Gov. Pat McCrory signed a controversial environmental deregulation bill Friday, despite a last-minute lobbying push from environmentalists who wanted him to veto the legislation.
House Bill 765, which passed the legislature last month, is a 71-page bill with dozens of provisions that supporters say will eliminate unnecessary regulations facing businesses.
McCrory did not make any public comments about his support for the deregulation bill. It was among seven bills he signed Friday, and his public signing event focused on a bill that will expand governing powers for the Eastern Band of Cherokee Indians.
The N.C. Conservation Network opposed provisions that will eliminate protections for streams that dry up in the summer, cut back on air quality monitors and allow polluters legal protections if they voluntarily disclose violations.
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The group, which represents about 100 environmental organizations, helped organize 5,000 emails and 250 phone calls to McCrory urging a veto.
The N.C. Sierra Club blasted the governor for signing the bill. “H 765 may well be the worst environmental bill of McCrory’s three years as governor, and yet he has made it law with his signature,” director Molly Diggins said in a news release. “The governor missed an opportunity to stand up for clean air, clean water and healthy communities.”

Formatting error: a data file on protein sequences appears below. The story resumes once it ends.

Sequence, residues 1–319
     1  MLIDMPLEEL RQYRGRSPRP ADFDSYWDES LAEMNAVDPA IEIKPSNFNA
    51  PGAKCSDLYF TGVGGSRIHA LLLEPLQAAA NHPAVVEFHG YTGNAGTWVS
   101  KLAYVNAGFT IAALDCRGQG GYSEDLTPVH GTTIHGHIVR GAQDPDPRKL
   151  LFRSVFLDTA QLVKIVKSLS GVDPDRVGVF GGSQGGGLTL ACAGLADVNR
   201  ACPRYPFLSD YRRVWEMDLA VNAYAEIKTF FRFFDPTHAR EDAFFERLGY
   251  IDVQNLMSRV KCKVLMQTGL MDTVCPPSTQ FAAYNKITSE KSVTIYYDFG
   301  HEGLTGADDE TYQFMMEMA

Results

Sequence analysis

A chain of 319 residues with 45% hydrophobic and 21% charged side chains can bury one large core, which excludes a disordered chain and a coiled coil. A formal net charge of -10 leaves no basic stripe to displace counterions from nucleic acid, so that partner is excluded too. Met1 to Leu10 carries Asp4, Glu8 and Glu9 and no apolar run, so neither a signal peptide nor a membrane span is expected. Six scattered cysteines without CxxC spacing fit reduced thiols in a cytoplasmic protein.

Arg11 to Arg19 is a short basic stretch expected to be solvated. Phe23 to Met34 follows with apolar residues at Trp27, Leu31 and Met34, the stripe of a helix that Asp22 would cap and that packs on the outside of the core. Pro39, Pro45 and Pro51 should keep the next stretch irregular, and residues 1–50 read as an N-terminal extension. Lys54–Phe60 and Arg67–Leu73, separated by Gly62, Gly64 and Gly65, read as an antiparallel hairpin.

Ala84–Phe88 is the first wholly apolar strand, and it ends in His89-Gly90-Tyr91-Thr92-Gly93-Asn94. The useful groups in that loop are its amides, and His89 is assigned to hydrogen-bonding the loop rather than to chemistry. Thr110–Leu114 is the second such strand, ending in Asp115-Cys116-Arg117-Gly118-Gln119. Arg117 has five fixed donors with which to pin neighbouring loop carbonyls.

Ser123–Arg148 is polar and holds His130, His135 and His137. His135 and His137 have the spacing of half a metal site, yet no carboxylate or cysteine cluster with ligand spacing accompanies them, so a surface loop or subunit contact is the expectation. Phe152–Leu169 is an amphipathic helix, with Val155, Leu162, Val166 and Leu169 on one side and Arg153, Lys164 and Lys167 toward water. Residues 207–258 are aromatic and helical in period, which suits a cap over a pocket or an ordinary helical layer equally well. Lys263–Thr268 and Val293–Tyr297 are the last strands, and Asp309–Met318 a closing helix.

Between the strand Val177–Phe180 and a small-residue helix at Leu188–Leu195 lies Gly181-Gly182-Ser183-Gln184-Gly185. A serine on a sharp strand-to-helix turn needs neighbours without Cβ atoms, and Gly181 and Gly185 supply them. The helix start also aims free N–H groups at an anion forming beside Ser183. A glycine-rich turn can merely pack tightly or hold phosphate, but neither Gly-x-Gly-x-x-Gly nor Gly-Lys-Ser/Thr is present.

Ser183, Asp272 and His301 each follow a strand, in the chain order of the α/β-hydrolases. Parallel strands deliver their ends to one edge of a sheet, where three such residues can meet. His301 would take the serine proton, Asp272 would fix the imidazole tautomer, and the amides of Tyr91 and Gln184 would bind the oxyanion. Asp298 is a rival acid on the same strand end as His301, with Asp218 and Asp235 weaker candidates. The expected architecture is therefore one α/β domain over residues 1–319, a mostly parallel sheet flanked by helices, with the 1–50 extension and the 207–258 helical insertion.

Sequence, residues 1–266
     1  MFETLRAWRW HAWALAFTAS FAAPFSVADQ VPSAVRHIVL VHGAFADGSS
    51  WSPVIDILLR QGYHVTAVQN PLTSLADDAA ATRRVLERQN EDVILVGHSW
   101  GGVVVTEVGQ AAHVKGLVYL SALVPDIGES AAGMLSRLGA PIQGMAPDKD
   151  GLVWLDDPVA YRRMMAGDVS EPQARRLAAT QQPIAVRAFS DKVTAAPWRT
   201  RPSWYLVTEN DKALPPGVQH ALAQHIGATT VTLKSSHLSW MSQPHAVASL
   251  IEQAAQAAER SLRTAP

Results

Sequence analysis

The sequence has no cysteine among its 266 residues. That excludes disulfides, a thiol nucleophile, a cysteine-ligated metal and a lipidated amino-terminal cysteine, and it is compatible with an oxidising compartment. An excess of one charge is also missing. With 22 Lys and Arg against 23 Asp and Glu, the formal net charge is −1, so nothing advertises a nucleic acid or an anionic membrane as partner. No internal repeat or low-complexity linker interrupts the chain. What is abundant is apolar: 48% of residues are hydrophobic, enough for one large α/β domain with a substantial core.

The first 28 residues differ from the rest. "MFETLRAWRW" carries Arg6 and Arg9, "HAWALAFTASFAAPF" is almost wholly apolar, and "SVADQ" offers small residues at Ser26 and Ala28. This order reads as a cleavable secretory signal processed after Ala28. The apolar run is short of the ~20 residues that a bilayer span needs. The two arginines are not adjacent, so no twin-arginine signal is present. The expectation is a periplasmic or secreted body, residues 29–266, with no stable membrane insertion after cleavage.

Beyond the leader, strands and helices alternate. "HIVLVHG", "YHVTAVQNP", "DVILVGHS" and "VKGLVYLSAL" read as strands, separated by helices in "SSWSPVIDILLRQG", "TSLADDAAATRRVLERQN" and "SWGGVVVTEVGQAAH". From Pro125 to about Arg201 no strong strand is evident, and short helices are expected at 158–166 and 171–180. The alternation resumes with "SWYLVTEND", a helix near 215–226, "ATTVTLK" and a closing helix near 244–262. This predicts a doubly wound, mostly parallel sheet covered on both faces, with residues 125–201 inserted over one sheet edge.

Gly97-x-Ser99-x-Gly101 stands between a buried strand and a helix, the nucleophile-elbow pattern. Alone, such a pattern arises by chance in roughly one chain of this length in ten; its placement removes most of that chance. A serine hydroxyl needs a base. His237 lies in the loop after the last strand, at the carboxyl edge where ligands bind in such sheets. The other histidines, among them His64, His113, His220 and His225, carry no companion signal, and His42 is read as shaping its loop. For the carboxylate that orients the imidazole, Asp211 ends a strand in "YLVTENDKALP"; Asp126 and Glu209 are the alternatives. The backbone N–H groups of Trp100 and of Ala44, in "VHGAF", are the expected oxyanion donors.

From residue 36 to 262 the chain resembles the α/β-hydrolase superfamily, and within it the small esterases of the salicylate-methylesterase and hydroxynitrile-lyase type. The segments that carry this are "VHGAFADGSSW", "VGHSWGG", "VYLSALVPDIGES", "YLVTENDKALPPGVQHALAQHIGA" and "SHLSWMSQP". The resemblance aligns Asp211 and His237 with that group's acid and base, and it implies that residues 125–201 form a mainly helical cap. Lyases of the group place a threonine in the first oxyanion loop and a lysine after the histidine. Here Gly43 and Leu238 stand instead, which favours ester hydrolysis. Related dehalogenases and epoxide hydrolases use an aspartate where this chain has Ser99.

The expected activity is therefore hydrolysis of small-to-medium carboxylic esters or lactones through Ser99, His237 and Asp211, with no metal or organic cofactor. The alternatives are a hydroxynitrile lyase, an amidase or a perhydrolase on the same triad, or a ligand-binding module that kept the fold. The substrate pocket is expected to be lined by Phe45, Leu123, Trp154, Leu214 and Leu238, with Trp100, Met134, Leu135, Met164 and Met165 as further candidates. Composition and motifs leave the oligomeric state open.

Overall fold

The final version of the bill dropped several controversial positions. One would have repealed the requirement that manufacturers recycle electronics that people discard. The proposal will instead get a formal study.
Rep. Pat McElraft, an Emerald Isle Republican, sponsored the original version of the bill and said the final compromise with the Senate strikes a good balance.
“We haven’t loosened any environmental regulations that would hurt our water, our air, or our state in any way,” she told legislators ahead of a final 73-39 vote. “It’s clean, it’s green, and it’s not extreme. This is about balancing ecology and economy, and we have to do that in order to create jobs.”
Other bills McCrory signed Friday include:
GPS stalking: The governor backed the expansion of the state’s cyberstalking law to make secretive GPS tracking of another person illegal. The law makes exceptions for law enforcement and parents or legal guardians.
Eastern Band of Cherokee Indians powers: McCrory visited Cherokee on Friday to sign a bill allowing the group to establish a police department and other law enforcement agencies.
McCrory still has about 15 bills remaining on his desk from the legislative session, which ended Sept. 30. Any bills he doesn’t sign or veto by next Friday will automatically become law.